The closest access point to Machu Picchu is a village officially called Machupicchu Pueblo, but frequently referred to as Aguas Calientes due to its natural hot baths. We opted to spend the night in town after our Inca Trail hike, but the rest of our group took the evening train back to Ollantaytambo. This was something we planned when we first signed up for the hike, but it proved to be invaluable to me since I was still feeling like garbage. After spending the day exploring Machu Picchu (and three days sleeping in a tent) I've never been so grateful for a real bed, shower and toilet.
Aguas Calientes is a very tiny town and the lodging options are limited, but I highly recommend the Tierra Viva. It was close to the train station but not right on the tracks like a large portion of the town. The bed was enormous and the shower would've been impressive under normal circumstances but as it was the first one I took in four days it was downright transformative. They also had a very excellent (free!) breakfast, which was extremely helpful to me since my body had just decided that I was ready to start eating again after a few days of rather violently rejecting that idea.
We didn't do anything at night (except watch the last half of the original Ghostbusters and the first part of a very bad Telenovela), but the next day we had some time to explore before we had to catch our train. Like I said, the town is tiny, and exists almost solely for tourists coming and going from Machu Picchu.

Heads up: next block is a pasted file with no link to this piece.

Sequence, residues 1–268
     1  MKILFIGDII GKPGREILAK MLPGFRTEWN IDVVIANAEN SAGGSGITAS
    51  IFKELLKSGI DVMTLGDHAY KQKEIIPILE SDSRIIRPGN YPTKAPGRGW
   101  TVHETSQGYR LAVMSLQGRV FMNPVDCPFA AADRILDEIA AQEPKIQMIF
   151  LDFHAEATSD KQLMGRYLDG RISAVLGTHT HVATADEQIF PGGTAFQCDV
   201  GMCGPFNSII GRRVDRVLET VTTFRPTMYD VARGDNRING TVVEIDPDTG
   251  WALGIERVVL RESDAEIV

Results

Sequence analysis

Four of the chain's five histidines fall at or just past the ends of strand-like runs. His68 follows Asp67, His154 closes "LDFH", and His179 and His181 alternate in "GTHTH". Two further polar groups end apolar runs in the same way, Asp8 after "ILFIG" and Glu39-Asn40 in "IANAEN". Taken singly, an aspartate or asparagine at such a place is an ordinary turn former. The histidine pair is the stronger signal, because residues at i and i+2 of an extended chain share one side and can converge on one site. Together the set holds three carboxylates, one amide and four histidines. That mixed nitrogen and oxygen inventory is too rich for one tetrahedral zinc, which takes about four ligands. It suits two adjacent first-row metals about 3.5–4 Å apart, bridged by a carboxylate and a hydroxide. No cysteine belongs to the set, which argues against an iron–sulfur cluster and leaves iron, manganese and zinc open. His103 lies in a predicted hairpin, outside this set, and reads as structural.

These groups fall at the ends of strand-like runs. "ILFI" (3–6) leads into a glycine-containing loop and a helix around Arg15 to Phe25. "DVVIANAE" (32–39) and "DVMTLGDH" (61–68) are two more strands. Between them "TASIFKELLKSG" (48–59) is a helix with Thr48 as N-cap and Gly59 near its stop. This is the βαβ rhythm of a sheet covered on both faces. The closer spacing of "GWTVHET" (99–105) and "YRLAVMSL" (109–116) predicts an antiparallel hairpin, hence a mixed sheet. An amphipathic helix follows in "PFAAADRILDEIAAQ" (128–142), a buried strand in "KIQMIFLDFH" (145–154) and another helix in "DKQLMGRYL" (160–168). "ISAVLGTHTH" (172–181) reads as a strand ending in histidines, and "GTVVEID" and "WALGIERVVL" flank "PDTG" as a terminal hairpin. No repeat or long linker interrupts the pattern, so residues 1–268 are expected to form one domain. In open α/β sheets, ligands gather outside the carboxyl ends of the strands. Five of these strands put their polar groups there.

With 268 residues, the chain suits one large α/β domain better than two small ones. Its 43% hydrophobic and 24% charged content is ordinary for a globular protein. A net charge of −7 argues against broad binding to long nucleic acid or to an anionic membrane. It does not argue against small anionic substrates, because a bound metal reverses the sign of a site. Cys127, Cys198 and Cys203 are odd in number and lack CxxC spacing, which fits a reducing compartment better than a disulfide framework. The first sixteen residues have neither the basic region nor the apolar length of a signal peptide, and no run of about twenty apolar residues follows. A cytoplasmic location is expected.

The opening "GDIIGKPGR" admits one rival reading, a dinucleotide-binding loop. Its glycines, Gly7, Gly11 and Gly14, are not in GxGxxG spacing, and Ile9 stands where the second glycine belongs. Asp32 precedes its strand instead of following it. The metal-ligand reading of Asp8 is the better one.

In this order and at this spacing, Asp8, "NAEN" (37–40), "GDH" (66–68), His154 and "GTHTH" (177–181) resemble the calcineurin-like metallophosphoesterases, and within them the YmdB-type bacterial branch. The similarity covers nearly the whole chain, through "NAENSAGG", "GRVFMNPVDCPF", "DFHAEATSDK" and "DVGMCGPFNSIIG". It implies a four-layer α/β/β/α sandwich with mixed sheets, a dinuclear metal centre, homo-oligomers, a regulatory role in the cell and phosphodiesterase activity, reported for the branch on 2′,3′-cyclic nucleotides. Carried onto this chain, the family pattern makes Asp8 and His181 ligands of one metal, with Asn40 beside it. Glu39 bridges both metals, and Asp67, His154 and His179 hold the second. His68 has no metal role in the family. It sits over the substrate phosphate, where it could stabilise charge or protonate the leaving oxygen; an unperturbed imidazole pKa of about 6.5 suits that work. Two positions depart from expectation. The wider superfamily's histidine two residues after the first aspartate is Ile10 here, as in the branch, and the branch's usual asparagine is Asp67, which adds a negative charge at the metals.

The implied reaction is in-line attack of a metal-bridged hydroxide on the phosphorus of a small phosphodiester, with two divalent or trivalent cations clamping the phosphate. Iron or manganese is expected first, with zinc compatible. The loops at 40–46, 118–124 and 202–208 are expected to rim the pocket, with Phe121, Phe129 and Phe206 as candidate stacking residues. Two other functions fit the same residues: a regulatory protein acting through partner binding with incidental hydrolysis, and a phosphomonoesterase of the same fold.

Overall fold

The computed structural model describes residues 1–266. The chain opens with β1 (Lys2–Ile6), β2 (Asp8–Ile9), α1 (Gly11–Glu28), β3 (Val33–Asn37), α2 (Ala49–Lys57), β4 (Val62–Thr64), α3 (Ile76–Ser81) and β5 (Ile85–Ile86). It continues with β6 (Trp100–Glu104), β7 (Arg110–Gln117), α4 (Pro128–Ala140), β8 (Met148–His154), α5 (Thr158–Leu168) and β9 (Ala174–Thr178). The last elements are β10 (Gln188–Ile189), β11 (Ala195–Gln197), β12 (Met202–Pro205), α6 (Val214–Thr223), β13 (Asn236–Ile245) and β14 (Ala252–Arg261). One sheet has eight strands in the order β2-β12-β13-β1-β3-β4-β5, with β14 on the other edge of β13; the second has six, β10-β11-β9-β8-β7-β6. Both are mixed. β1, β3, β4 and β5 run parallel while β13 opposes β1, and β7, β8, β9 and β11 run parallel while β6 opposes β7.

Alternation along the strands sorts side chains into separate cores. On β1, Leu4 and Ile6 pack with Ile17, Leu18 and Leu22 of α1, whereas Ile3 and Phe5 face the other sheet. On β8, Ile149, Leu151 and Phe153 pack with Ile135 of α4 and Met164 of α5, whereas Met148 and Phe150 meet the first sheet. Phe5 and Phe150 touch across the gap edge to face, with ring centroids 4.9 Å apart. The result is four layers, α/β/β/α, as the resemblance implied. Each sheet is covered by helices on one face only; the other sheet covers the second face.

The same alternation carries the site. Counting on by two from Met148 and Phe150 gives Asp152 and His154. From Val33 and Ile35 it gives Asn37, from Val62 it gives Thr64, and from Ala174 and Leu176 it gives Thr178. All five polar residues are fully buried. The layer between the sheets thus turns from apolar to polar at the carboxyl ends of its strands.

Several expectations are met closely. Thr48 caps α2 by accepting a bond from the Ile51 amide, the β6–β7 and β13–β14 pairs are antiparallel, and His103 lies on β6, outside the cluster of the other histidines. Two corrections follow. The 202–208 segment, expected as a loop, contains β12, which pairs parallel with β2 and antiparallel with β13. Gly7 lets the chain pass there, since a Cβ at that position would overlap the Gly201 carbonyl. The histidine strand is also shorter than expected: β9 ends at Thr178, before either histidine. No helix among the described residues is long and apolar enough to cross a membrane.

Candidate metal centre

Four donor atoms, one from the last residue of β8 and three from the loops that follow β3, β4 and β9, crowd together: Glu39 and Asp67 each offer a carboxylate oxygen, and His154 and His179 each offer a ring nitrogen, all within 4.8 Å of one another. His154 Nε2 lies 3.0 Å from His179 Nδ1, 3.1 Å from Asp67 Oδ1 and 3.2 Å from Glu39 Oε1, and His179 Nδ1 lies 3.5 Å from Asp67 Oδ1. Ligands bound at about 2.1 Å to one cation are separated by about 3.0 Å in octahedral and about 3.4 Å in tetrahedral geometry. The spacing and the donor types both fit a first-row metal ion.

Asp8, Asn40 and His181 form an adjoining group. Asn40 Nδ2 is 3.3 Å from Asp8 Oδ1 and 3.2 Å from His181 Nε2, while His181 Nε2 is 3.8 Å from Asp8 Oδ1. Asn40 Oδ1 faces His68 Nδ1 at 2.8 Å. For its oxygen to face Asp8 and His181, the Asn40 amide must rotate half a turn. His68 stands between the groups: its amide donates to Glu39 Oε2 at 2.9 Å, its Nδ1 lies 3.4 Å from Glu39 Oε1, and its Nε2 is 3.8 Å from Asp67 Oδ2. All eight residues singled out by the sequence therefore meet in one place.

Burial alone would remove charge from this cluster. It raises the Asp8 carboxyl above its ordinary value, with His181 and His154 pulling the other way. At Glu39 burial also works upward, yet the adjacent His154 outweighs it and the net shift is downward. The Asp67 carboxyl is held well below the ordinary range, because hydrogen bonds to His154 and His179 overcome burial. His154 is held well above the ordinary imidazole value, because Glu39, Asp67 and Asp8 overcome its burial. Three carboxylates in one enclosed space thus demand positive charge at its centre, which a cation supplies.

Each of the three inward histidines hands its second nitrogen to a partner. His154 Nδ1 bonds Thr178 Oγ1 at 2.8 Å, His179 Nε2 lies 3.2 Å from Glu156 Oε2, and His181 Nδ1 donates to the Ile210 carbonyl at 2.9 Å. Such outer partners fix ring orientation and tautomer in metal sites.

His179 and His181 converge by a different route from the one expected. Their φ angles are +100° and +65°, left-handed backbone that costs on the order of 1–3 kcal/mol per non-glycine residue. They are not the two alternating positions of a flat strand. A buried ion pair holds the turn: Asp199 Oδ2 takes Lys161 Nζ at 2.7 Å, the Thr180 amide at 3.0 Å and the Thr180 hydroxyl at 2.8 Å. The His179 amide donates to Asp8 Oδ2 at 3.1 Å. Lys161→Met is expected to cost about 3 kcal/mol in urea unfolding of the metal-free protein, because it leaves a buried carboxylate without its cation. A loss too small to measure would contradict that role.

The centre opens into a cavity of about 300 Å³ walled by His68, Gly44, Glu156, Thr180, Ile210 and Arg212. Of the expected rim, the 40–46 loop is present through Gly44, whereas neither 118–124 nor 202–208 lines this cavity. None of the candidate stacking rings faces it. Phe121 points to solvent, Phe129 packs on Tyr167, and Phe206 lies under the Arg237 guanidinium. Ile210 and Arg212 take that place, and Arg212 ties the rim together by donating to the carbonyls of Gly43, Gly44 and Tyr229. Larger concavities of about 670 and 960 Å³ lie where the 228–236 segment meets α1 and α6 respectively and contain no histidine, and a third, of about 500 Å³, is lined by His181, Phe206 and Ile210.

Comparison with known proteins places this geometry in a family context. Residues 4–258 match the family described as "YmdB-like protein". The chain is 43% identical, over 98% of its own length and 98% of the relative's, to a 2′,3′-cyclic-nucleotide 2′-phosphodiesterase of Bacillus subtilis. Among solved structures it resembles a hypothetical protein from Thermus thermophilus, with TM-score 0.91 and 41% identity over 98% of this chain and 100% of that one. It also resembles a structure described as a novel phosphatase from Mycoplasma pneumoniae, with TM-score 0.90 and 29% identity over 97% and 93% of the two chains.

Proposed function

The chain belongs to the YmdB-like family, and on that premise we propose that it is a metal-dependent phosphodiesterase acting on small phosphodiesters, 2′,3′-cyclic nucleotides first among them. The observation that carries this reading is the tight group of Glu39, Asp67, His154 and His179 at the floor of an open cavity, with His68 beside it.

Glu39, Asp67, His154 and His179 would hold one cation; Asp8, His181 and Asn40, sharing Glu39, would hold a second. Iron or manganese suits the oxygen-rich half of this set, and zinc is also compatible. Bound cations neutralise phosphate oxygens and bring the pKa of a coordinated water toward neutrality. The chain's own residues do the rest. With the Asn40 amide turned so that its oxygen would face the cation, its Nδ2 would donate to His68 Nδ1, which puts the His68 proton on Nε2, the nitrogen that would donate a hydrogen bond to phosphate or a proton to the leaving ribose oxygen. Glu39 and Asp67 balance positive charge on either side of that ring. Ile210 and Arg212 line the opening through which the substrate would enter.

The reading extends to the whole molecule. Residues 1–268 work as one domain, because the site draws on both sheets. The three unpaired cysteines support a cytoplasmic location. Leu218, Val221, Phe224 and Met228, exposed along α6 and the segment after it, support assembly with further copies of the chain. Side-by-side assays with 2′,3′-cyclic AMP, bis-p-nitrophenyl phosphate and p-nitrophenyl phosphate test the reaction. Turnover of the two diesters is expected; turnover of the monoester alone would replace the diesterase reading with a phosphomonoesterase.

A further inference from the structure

There is a large market next to the train station that is filled with every type of Peruvian souvenir you could ever want—blankets, scarves, jewelry, woven llamas, guinea pig hats, at least one pocket knife that appeared to be made with real human (?) teeth—and the merchants weren't nearly as aggressive as they were in Cusco, which was a relief. I try not to buy too many junky trinkets, but I couldn't resist buying a framed taxidermy bat. I didn't consider at the time that I might have a problem getting it through customs, but luckily I didn't because it fits seamlessly into my curiosity collection and is easily one of my favorite souvenirs ever.
In what has quickly become a recurring theme in my South American posts, my favorite part of Aguas Calientes was the street dogs. We saw some particularly great ones, including a hairless dog in a fleece onesie, and I recently learned that these dogs are "as important as Machu Picchu" in Peru, although to me they were obviously even more so. My favorite, however, was definitely that little guy in the "Adidog" windbreaker—if I wasn't already smuggling home a bat I might have been tempted to bring him back, if only to make my dreams of owning an Instagram-famous dog finally come true.
Where we stayed:
Av. Hermanos Ayar N°401. Machu Picchu